Rehearse all the catalogue of graces, and mark how we are enjoined to be meek, lowly, peaceable, easy to be entreated, gentle, thinking no evil, merciful, slow to anger, given to quietness, knowledge, patience, temperance, prayer. War sets them all at nought.
Of the sermon on the mount, five benedictions are upon the poor in spirit, the mourners, the meek, the merciful, and the peacemakers. Two others are upon the persecuted and reviled. The professed warrior, therefore, shuts himself out from all these benedictions! The discourse expressly revokes the law of retaliation, and, exploding the [practice] of loving our neighbor and hating our enemy, requires us to love our enemies and do good to them which despitefully use us. Afterward, in presenting a form of prayer, it not only teaches us to say, “Forgive us our trespasses, as we forgive those that trespass against us,” but adds, “If ye forgive not men their trespasses, neither will your heavenly Father forgive you.” What a peace sermon is here!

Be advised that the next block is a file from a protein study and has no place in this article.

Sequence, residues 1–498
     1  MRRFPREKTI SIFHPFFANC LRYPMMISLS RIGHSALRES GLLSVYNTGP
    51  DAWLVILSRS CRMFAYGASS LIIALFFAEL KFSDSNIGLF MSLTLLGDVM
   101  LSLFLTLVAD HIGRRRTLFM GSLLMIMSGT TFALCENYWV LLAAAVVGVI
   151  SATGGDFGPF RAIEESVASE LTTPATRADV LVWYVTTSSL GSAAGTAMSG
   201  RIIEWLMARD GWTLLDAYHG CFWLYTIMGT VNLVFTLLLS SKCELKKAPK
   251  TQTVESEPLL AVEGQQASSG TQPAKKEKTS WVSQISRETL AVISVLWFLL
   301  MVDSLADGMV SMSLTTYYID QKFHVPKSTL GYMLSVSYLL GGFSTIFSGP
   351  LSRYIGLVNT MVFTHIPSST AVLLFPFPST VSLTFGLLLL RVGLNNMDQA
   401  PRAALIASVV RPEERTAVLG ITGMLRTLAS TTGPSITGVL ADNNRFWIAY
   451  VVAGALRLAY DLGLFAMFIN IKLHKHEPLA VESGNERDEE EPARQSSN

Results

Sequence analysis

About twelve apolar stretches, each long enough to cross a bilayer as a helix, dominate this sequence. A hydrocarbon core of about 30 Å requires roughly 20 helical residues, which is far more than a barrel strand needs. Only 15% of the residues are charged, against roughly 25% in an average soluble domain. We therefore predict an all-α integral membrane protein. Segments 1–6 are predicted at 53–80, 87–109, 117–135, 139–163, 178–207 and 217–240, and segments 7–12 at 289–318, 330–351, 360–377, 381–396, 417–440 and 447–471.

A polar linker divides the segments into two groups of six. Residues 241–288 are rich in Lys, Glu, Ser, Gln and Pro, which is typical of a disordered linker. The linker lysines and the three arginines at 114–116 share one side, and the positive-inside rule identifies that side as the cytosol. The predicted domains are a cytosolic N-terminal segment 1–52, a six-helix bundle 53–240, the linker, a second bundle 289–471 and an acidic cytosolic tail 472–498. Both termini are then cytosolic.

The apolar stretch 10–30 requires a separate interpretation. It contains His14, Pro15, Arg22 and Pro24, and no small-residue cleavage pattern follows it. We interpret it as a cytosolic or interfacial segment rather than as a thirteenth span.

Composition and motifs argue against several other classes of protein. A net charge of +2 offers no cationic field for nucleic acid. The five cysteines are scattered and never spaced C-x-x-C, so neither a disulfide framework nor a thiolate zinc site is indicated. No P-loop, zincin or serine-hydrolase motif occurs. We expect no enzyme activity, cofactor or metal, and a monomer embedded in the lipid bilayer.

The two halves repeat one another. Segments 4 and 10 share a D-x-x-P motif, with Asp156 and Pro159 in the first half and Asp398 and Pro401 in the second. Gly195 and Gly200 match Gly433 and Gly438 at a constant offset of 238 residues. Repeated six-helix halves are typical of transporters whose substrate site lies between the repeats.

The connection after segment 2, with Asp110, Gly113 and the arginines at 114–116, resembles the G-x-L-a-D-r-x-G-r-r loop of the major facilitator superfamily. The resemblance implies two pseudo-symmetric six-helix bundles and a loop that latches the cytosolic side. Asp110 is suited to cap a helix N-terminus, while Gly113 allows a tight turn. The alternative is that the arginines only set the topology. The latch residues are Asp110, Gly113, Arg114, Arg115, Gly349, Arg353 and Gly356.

The regular soldier … makes war a trade, and is ready to fight any nation, or any part of his own nation, as he is sent. He is to wheel, march, load, fire, advance or flee, just as he is bidden, and because he is bidden. The nearer a soldier comes to a mere machine, the better soldier he makes. Is this right for a Christian? Is it compatible with his duty to “examine all things, and hold fast that which is good?”
What gospel precept is there, which he who makes war a profession is not at times compelled to violate? He must cast away meekness, and fight. He must cast away forgiveness, and revenge his country. He must not return good for evil, but blow for blow, wound for wound.